In the very beginning, I found myself qualifying my response: “Well, yes, I’m a self-published author.” To which, NEARLY EVERY TIME, the reader would scrunch his or her eyebrows and ask, “What do you mean?”

The first few times I launched into an explanation and watched their eyes glaze over. After that, when they asked, “Are you the author of Baby Grand?” My response became: “Yes. Yes, I am.”

I realized that readers don’t really care how your book came to be, or whether you write full-time or part-time, if you’ve written many books or only one. All they know is they read a book that you wrote and that they enjoyed.

So, frankly, I find this controversy kind of silly. In the end, it doesn’t matter if we in the publishing industry refer to self-published authors as an author.

What matters is that readers do.

Building Your Brand: Create a YouTube Trailer

On Monday night, in a lesson about marketing, I was discussing with my continuing ed. class at Hofstra the various social media networks out there and how to maximize them when promoting your brand and your work. When I clicked onto my YouTube page, it suddenly seemed so uninviting and, well, unhelpful when compared to my other social media pages. While I’m not a big fan of book trailers, specifically, I do believe videos — of author events, appearances, interviews — can help build a platform. YouTube is kind enough to give you space on your landing page to upload a channel trailer, and it’s a good idea for authors to take advantage of this facet of the page to give viewers a quick glimpse of who they are and what they do. Last night, when I should have been writing — or sleeping — I composed this one-minute video on Animoto that I think does the trick for my needs, at least for now:

Although anything goes with this kind of thing, my advice is to keep your trailer lively, keep it short, preferably under a minute, and keep it professional, showcasing high-quality photos, videos or commentary. You only have a few moments to capture a viewer’s attention, so put your best foot forward.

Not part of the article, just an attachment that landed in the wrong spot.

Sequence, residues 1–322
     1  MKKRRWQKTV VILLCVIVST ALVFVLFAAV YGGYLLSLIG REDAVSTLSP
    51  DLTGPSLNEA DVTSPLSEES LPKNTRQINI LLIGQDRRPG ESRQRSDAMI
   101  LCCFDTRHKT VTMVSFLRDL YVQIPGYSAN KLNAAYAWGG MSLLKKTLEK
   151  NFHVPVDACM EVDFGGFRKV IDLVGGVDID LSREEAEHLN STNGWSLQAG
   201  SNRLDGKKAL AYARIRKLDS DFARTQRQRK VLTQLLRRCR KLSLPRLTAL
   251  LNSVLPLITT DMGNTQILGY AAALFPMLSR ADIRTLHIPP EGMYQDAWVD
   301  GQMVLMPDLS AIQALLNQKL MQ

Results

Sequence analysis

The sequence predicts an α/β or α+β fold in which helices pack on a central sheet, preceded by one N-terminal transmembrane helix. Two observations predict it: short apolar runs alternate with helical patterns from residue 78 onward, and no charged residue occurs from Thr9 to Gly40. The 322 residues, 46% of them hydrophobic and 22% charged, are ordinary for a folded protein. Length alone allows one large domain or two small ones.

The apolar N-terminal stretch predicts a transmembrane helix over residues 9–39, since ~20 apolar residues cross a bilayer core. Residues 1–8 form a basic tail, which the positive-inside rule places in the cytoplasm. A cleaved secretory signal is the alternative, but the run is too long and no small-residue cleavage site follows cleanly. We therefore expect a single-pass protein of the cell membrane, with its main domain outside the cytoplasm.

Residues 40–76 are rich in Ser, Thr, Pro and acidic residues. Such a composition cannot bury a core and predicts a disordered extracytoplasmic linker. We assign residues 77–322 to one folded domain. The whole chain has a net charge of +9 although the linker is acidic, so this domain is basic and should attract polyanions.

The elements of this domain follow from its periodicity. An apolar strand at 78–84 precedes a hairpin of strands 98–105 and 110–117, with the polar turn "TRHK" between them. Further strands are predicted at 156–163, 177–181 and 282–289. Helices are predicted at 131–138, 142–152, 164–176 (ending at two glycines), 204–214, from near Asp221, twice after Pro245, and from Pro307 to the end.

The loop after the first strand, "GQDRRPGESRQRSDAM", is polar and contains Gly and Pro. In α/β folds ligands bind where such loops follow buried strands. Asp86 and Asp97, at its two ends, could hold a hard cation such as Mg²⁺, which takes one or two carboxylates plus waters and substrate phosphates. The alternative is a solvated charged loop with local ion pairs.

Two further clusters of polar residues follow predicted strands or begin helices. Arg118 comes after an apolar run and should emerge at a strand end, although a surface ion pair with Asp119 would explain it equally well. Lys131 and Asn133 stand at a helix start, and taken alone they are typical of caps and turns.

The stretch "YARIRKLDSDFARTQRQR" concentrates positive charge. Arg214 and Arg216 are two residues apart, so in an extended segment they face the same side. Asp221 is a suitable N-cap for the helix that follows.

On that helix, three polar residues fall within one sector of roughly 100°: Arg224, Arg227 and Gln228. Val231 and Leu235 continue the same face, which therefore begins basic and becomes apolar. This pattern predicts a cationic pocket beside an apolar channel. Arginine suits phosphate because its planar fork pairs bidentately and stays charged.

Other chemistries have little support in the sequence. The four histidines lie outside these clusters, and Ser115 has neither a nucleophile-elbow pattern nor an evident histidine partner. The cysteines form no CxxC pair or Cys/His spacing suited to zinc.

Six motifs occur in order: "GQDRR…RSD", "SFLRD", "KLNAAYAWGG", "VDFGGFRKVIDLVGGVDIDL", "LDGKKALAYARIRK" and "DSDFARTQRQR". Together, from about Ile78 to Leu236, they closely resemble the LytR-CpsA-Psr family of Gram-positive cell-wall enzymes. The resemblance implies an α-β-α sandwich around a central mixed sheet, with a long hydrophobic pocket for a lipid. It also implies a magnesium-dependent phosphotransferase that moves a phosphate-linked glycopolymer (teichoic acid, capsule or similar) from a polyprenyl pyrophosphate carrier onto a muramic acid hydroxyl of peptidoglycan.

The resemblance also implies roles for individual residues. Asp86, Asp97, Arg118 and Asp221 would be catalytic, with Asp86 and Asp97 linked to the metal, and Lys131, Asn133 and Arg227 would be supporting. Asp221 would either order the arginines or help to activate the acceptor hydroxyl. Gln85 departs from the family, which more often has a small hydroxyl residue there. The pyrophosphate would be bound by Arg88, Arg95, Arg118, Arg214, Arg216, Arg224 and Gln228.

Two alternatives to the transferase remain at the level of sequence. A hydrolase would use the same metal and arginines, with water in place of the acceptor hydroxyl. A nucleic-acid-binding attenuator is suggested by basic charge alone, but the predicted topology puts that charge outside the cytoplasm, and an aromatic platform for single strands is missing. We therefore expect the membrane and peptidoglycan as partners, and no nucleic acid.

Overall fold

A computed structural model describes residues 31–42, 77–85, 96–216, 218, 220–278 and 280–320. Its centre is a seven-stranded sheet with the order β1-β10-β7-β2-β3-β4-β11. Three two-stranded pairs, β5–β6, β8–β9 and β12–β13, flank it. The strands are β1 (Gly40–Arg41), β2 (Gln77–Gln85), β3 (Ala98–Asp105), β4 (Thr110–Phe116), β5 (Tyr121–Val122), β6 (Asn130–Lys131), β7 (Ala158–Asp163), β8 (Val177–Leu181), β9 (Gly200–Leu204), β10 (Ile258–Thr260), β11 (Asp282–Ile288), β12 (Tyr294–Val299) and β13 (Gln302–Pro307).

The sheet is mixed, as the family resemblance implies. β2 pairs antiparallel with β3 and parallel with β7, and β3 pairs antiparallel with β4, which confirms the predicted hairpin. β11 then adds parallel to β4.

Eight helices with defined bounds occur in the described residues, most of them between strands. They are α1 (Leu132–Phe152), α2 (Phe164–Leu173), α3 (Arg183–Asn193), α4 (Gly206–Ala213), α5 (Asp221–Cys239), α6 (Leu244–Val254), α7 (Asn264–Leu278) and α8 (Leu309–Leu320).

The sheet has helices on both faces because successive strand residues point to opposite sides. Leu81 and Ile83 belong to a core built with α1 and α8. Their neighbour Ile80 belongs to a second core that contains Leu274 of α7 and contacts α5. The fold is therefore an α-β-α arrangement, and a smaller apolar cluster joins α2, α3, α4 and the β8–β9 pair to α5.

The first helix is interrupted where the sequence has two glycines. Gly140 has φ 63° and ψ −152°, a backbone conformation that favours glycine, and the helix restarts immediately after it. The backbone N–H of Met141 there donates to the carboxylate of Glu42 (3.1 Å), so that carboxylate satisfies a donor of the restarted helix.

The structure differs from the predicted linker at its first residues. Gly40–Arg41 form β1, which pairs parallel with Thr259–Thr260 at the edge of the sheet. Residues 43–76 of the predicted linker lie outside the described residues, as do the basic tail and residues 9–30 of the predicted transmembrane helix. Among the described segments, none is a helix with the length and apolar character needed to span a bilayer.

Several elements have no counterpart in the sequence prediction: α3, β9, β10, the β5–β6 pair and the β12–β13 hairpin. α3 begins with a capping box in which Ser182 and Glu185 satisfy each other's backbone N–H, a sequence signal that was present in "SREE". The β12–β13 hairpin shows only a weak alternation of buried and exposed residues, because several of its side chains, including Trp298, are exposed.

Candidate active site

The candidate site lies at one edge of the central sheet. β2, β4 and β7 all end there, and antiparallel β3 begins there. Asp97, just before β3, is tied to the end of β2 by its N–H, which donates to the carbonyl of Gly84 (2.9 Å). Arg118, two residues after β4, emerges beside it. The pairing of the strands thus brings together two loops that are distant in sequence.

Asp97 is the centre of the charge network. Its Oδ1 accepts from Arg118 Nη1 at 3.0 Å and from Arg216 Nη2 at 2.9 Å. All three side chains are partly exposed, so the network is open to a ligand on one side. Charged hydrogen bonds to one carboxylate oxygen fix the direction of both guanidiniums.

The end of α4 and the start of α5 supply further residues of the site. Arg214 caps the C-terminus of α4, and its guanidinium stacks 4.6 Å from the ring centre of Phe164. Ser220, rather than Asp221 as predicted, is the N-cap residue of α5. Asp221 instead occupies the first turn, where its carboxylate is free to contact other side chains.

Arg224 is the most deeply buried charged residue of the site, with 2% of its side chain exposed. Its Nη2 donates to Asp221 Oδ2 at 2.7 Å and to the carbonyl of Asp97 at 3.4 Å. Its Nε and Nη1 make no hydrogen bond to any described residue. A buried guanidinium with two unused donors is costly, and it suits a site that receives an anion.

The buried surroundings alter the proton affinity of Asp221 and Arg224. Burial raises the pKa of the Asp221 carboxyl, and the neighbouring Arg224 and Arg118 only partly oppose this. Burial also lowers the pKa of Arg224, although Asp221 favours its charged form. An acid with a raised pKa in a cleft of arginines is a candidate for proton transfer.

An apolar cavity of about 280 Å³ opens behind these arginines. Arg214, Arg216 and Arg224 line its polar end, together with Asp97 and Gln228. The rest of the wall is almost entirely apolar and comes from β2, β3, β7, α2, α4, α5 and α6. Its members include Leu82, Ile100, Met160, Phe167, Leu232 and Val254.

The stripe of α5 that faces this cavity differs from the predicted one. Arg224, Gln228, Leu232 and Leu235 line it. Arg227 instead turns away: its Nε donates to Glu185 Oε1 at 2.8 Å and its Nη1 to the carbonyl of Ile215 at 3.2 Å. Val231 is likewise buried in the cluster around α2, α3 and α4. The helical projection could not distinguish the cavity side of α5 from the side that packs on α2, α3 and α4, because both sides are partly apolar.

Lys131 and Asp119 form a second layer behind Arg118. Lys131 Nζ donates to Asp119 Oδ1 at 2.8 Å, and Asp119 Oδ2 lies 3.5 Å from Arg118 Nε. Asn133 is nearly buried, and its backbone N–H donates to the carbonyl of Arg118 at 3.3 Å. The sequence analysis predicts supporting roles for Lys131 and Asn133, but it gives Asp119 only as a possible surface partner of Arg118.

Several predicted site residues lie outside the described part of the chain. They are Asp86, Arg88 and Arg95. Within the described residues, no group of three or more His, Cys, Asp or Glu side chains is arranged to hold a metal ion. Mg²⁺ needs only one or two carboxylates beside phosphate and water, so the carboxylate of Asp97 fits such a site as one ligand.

Do you have a YouTube trailer? If so, post it or the link in the comments. I’d love to see it!

Just. Do. It.

At the beginning of this month, I announced I would finish the first major edit of In the Red, my current work-in-progress, by April 1. And, lo and behold, I’m still on schedule. I’ve been editing 25 pages a week, so by tomorrow I’ll have edited 125 pages. Thrilled doesn’t even begin to cover how I feel. There have been so many stops and starts with this book that I had forgotten the secret to getting things done: Just sit your butt down and do it. Commit. Commit. Commit. Make writing/editing your book just as important as feeding your kids or working. That’s it. Just. Do. It. I knew this when I wrote Baby Grand. I’ve always known it, but somehow lost my way. Well, I’m back. And determined. I know the next 100 pages will be the toughest — the middle always is. That darn muddy middle. But my hope is that I’ll report at the end of February that I’ll be at 225 pages and ready to hit the homestretch.

In other news, my nonfiction book Daft Punk: A Trip Inside the Pyramid (St. Martin’s Press) was published on January 21. Daft Punk - Mech_croppedVery exciting! You know how people talk about the summer of 2013 being The Summer of Daft Punk? Well, it was doubly so for me, as I spent those three months, as “Get Lucky” raced up the charts and broke records, researching and writing this book. When Daft Punk won Album of the Year at the Grammys last Sunday (among other awards), I was smiling to myself as I recognized all their collaborators who were standing up at the podium with them: Paul Williams, Todd Edwards, Nile Rodgers and DJ Falcon, among others. I had learned so much about them that I felt as if I knew them. :)

What are you up to these days? Tell me what you’re working on. Together, we can get our WIPs done and toast our successes.